Victory is sweet. Savor it. Then, find a new technology to evangelize — and get back to work :-)


[**] From Cybersource:

FOR IMMEDIATE RELEASE

Governments Must Reject Gates' $3 Bid to Addict Next Billion PC Users

30th April, 2007

On April 19th, Bill Gates, Chairman of Microsoft Corp., unveiled a plan which seeks to enlist the help of developing nations in a barely-concealed attempt to get the next billion PC users hooked onto Microsoft software. Under the guise of trying to bridge the digital divide, Microsoft will instead aim to extend its desktop monopoly by using the same technique it's used for years through software piracy: platform addiction. An addiction it will milk in future decades. An addiction that governments should reject in favour of free and open source software - the only way to truly bridge the digital divide.

"Microsoft's strategy of getting developing nations hooked on its software was clearly outlined by Bill Gates almost a decade ago," said Con Zymaris, CEO of long-standing open source firm Cybersource.

Specifically, Bill Gates, citing China as an example, said:

"Although about 3 million computers get sold every year in China, but people don't pay for the software," he said. "Someday they will, though. As long as they are going to steal it, we want them to steal ours. They'll get sort of addicted, and then we'll somehow figure out how to collect sometime in the next decade."[1]

"From this, we analyse the following strategy. Microsoft would allow users in developing countries to use pirated software, which in turn would lock those users into Microsoft's proprietary data formats, proprietary protocols and proprietary Application Programming Interfaces (APIs). Once so tithed to Microsoft, these users would find it almost impossible to move to alternatives, thus providing a captive future revenue stream," explained Zymaris. "And this new strategy is even more insidious, as Microsoft is expecting governments to pay for the hardware, thus paving the way for Microsoft to snare its next billion addicts in a friction-free manner."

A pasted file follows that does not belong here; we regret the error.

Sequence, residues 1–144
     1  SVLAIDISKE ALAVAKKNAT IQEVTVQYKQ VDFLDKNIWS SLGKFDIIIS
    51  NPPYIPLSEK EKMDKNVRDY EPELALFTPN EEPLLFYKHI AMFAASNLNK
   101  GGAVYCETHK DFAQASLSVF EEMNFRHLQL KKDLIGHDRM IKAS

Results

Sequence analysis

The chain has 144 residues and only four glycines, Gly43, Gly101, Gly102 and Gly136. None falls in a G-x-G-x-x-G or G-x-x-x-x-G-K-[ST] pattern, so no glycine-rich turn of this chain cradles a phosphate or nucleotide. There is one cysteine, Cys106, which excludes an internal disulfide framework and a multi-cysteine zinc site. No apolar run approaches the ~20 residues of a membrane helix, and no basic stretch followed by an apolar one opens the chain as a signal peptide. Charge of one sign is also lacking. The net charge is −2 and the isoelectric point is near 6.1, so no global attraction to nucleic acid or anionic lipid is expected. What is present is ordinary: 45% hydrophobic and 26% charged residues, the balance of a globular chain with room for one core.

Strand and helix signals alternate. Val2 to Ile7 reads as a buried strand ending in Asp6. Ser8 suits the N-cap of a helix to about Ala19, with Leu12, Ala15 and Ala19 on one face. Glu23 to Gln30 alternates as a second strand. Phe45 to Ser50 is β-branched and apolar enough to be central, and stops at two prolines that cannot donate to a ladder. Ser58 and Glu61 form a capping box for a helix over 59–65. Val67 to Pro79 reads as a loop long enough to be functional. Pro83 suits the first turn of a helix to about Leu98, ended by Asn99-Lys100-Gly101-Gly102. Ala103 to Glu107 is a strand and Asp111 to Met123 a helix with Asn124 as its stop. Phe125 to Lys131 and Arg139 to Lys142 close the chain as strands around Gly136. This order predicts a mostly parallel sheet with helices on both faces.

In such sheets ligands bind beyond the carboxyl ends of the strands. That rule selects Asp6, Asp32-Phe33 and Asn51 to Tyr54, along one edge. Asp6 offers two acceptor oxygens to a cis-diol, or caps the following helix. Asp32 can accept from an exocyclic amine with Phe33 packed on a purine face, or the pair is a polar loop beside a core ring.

"What is equally apparent is that Microsoft would prefer to lose money initially, to prevent competitors from capturing mindshare. Today, Linux and open source software are Microsoft's biggest competitor. And Linux and open source software are capturing huge mindshare in developing nations, thus Microsoft's knee-jerk reaction in offering its $3-meal-deal," Zymaris said. "Instead of accepting the Microsoft deal, governments should push open source software, guaranteeing freedom from vendor lock-in and future price hikes."

And where Microsoft offers a handful of cut-down applications in its $3-meal-deal, open source supplies thousands of complete applications, for no cost at all. Highly functional applications such as Scribus (desktop publishing), Gimp, (photo editing), Blender3D (animation), Inkscape (vector drawing), MySQL (database), Python (programming environment), will help students in their creative endevours. Other landmark applications such as Linux, OpenOffice.org (office suite) and Firefox (web browser) will help all users.

"By helping to make users aware of open source alternatives, by disseminating that software through CD give-aways and via subsidised, low-cost PCs, governments will be reducing their reliance on proprietary vendors and improve access to 21st century technology. It's the only way to ensure that their citizens will be free to use quality software, without constraints, in perpetuity," concluded Zymaris.

References: [1] http://news.com.com/2100-1023-212942.html